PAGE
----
Think about it: Most people will not readily accept new change until they deal with old irritations. I bet you feel that way too: It seems to be a universal truth no matter where you sit in any organization. Things will come up which you’d thought you’d already dealt with, but no, a conversation still needs to be had: So have it!

Thus the short version of my warning label is this: There will very likely be a price to pay for the good the D5M eventually will deliver. As I see it, that price is a bargain in the grand scheme of things.

All failure is a temporary state of affairs

To address the question of my post title, managers must be able to ‘fail forward’ and do so with Ho‘ohanohano (feeling they both give and receive Aloha, dignity and respect in their workplace) so they can grow in the ways they’ve managed and led in the past. They’ve got to be strong on their own, or have the strong support and mentorship of their boss, with everyone understanding that the workplace transition created by the D5M can be unsettling.

Simply said, the Daily Five Minutes stirs things up. In the end though, the result of a healthier workplace culture is always worth the stirring. Always.

Relationships change in The Daily Five Minutes — they’re supposed to, changing for the better. And the manager is the one who has to take the high road as everyone involved learns, ‘gets taught,’ and gets a taste of those proactive conversations they may have been avoiding before. There’s good, there’s bad, and there’s ugly: You clear your decks in the beginning so you can start fresh without anything having been swept under the rug to fester, and trip you up later on. And everyone gets their shot at you: The worse thing you can do in the D5M is avoid people. (Tacit approval is another yucky thing which is replaced, and goes away forever :)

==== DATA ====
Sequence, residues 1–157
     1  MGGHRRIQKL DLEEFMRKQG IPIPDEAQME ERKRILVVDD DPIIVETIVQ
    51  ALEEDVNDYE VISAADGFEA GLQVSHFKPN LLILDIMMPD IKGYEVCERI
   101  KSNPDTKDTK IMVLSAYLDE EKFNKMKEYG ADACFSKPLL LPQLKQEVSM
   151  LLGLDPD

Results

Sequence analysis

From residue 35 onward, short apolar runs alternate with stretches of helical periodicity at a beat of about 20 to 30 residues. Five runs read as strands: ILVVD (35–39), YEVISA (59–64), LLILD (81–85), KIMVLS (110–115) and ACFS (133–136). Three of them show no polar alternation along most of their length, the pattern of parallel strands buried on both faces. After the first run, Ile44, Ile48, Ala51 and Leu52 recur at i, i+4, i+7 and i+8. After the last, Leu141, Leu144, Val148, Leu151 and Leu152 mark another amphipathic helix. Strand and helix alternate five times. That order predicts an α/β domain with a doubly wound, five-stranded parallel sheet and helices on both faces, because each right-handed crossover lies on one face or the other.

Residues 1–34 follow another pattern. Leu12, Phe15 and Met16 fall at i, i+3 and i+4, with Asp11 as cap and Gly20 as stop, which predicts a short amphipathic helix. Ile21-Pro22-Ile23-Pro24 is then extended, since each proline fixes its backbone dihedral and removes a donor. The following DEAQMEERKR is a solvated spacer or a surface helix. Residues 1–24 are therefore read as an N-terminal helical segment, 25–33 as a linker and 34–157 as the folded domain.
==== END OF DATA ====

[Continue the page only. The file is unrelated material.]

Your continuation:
Do you want easy, or do you want effective?

Do you want more commiseration from me, or a ticket to a brighter future?

I’ve never claimed that The Daily Five Minutes was easy to do. I think it’s very easy to learn the logistics of it, but I’m no Pollyanna: I know you’re rocking your world as a manager when you completely buy in, and give it that ‘best shot’ I ask you to. You’re having conversations you’ve never had before, with people you thought you knew completely, but now discover are more complex than you ever imagined they were. And yes, more needy.

And that is precisely the beauty of it. If you do The Daily Five Minutes, you will become a better manager. If you still question your own calling — Should I be a manager, or should I be doing something else? — the Daily Five Minutes will give you a very clear answer, once and for all.

You’ll stumble at times. You’ll be embarrassed. You’ll eat crow. You’ll admit, “I don’t know, and I have to find out for you.” more than you ever thought you would. It will be a rocky road as you clear your decks to deal with past history, and possibly ask forgiveness for past sins, but you will grow immensely.

And your people will admire you for making the effort: The D5M is essentially a private, one-on-one conversation, but it is a highly visible “I care” habit in the workplace.

No matter the journey, every employee who goes through adopting the Daily Five Minutes with you will eventually become your ‘Ohana in Business partner. That’s the experience which makes me so stubbornly insistent about this:
So you want a MWA jumpstart. Do the Daily Five Minutes.